No spec, no quality. Know Spec, know quality.
Know the specification!
No spec, no quality. Know Spec, know quality.
Know the specification!
PMPA Business Trends Report reclaims all-time record high of 143 in August. March 2018 was the first time that our sales index recorded such strong sales.
Eighty percent (80%) of our respondents reported sales increases, 51 percent of shops reporting reported sales increases in the double digits.
Sentiment indicators remain strong.
Our markets and businesses have changed- have we as managers kept up?
How are you managing differently for success rather than survival?
The ISM PMI was reported at 61.3, the highest reading since January 2004, when it was 60.8.
Prior to that the ISM PMI has not been at this level since 1984, when it was 61.3 in February, in 1987 it made it to 61.0 in December.
Here is the ISM’s Announcement:
“The August PMI® registered 61.3 percent, an increase of 3.2 percentage points from the July reading of 58.1 percent. The New Orders Index registered 65.1 percent, an increase of 4.9 percentage points from the July reading of 60.2 percent. The Production Index registered 63.3 percent, a 4.8-percentage point increase compared to the July reading of 58.5 percent. The Employment Index registered 58.5 percent, an increase of 2 percentage points from the July reading of 56.5 percent. The Supplier Deliveries Index registered 64.5 percent, a 2.4-percentage point increase from the July reading of 62.1 percent. The Inventories Index registered 55.4 percent, an increase of 2.1 percentage points from the July reading of 53.3 percent. The Prices Index registered 72.1 percent in August, a 1.1-percentage point decrease from the July reading of 73.2 percent, indicating higher raw materials prices for the 30th consecutive month.” ISM Timothy R. Fiore Press Release
Thoughts to consider: while past performance is no assurance of future performance, we note that the current level of the PMI has been of prior high water marks, rather than sustainable levels. While “this time it’s different,” is a possible comment, our look at the graph above suggests that we may be nearing the top. Although the values for the 1964-1966 do provide another possible interpretation.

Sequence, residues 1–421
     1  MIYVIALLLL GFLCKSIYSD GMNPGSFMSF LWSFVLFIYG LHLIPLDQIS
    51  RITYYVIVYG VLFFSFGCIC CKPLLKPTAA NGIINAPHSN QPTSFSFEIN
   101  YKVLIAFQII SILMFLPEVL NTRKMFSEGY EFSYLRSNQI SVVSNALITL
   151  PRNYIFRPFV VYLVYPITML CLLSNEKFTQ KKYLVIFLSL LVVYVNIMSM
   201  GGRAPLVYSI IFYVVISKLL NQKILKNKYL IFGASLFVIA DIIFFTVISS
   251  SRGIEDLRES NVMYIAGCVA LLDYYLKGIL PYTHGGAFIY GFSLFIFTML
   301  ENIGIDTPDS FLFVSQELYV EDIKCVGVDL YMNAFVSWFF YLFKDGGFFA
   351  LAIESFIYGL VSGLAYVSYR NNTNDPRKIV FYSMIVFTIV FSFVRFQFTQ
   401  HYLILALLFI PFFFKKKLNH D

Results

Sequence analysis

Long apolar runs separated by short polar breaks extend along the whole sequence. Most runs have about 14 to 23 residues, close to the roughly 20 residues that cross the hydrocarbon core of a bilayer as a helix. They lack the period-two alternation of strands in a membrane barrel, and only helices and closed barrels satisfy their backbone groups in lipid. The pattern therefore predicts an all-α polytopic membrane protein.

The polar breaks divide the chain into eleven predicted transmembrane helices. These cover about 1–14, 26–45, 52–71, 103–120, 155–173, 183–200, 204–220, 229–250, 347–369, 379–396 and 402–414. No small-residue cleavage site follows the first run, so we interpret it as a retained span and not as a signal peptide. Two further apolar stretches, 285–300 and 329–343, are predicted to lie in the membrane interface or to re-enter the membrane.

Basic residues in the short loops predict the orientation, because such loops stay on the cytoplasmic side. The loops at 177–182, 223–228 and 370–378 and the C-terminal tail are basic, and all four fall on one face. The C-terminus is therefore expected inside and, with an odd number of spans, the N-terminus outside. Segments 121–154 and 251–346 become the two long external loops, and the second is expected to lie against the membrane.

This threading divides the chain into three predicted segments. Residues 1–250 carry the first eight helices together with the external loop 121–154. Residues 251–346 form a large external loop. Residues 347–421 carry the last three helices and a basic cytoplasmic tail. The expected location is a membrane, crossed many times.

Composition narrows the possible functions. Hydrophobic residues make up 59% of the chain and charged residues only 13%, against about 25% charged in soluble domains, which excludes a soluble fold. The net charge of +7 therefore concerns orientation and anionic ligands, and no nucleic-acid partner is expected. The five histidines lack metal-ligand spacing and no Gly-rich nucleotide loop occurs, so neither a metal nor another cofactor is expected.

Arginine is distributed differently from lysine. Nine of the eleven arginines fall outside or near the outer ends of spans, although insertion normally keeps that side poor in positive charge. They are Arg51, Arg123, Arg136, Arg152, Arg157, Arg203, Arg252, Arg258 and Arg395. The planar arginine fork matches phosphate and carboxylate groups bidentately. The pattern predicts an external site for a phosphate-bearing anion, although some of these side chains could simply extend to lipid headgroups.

Bottom line: Manufacturing and the broad economy showed remarkable strength in August 2018. Prospects remain positive for sales and employment in manufacturing. The current strong level of performance convinces me that we must be thoughtfully reconsidering all aspects of our business at this time. This trend might have legs- it might also be nearing a top. PMPA’s Latest Business Trend Report was optimistic on Outlook for the next three months.
Graph courtesy Calculated Risk
I compile the annual wage survey for the precision machining industry, and my sample is a nice slice of industry shops.
We don’t have any labor jobs in our shop hourly wage survey.
On the other hand, the jobs that we do have are all jobs requiring high levels of process ownership and personal performance.
Think of all of the aspects of our jobs- the tools, the offsets, the relationships between datums, the materials, the gages, the chips and their control, the coolants, the controls, the software code- and suddenly being a machinist looks a lot like being a Performer:
So today, I’m going to cue up a Neil Peart video on Youtube as an appreciative salute to the music made on our production machines under the watchful practice of our skilled performers.
I’m not celebrating Labor Day.